As each record-breaking-hot month passes, it is becoming clear that we don’t have another decade to make the case to investors that the physical impacts of climate change must be a critical component of investment decision making. As I wrote in an earlier blog post, the sooner we have a system that can help investors understand expected exposure to our rapidly warming world, the sooner we can proactively build in resilience to effects of rising temperatures. Indeed, on this front, time is of the essence, and these tools and this information will be critical to help us build better, faster. To quote Mr. Gore: We can, and we must.
“It’s Not Just ‘a’ Black Swan – It’s a Flock of Them That Worries Me”
So said a colleague last week during a meeting on sustainability, climate finance and risk. On the heels of several consecutive hot years and rises in CO2 concentrations not seen in millions of years, alarm bells should be sounding for everyone. As Nassim Taleb reminds us, black swan events are characterized as those things that couldn’t possibly happen (so we think), and which lie “outside the realm of regular expectations because nothing in the past can convincingly point to its possibility.” And, as we know, black swan events carry with them extreme impacts.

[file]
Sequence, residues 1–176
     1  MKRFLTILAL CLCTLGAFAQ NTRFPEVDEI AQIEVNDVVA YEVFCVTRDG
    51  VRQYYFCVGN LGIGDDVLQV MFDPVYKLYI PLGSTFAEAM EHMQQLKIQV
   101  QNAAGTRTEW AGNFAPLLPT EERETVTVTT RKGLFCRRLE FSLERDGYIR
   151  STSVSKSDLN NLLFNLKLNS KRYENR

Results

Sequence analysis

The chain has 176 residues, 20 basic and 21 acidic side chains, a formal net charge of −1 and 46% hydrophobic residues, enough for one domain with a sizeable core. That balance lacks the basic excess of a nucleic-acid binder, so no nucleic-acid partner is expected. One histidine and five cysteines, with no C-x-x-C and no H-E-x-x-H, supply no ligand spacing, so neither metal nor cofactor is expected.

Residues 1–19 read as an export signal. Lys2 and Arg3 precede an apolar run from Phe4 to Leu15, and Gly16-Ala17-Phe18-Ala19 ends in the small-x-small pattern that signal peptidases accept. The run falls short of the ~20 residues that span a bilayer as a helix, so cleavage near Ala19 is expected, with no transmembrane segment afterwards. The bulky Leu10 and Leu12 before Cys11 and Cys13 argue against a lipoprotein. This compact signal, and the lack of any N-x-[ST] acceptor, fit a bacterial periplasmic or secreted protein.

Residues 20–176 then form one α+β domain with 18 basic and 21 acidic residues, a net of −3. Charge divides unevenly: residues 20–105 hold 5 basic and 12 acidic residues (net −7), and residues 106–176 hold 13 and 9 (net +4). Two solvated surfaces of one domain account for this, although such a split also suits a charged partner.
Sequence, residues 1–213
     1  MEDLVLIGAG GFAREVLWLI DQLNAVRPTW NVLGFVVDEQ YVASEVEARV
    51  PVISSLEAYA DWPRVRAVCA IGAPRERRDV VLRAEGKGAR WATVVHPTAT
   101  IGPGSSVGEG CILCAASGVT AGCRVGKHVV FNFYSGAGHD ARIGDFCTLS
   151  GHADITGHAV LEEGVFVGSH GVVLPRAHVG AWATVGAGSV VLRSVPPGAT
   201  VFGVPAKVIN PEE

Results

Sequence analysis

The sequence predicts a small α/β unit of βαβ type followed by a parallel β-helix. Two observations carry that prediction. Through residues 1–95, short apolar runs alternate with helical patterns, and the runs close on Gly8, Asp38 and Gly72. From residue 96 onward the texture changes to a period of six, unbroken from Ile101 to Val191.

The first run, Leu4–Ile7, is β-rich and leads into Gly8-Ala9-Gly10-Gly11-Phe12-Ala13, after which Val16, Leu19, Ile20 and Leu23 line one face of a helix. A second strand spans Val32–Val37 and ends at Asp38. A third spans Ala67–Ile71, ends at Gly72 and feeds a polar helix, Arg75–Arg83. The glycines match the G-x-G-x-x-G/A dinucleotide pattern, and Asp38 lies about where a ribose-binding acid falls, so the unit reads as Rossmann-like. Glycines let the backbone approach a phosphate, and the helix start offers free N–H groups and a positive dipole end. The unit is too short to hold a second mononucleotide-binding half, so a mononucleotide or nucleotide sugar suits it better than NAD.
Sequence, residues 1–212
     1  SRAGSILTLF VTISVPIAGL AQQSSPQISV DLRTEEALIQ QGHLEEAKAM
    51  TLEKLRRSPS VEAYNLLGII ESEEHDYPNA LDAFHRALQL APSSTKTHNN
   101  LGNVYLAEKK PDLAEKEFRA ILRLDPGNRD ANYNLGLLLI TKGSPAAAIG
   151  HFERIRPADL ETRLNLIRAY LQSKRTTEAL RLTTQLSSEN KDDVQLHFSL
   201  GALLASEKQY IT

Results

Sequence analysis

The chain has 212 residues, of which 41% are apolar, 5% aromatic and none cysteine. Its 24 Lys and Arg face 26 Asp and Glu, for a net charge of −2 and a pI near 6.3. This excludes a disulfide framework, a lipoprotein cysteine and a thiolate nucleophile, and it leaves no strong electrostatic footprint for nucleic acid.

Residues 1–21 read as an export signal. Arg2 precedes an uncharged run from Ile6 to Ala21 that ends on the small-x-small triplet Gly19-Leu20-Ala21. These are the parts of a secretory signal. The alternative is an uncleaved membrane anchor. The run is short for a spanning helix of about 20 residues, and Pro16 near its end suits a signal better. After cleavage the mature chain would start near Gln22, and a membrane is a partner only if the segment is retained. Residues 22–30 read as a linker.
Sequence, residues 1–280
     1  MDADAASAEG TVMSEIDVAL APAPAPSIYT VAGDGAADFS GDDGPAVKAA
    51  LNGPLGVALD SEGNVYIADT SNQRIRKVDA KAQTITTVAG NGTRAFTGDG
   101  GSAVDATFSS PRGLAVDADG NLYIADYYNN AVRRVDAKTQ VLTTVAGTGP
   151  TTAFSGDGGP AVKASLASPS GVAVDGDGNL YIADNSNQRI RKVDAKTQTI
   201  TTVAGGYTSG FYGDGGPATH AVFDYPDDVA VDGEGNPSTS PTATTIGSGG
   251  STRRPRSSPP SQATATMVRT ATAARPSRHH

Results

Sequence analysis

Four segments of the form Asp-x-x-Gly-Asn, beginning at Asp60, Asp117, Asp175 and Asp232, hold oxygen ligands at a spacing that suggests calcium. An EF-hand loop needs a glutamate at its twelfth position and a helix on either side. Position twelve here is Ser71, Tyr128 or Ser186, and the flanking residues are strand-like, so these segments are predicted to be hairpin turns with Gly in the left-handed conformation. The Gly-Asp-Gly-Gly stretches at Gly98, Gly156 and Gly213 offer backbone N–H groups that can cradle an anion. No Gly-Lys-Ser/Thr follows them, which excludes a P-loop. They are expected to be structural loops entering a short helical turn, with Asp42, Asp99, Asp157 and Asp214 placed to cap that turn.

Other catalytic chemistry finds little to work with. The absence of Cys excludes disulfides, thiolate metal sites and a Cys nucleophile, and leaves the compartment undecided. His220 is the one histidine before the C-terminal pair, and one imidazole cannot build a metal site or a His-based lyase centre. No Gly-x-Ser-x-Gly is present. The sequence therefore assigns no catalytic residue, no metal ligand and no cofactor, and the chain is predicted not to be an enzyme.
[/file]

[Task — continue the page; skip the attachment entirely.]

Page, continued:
But our climate data – yes DATA (those pesky facts) – are pointing to exactly the possibility that before our very eyes those outliers (probabilistically speaking) are moving toward the center line. Climate change is moving our world beyond “normal”. Indeed, as Eric Holthaus wrote last week in Slate, the “old normal” is gone, and “climate change is going into overdrive.”
It’s time for our action to go into overdrive, as well.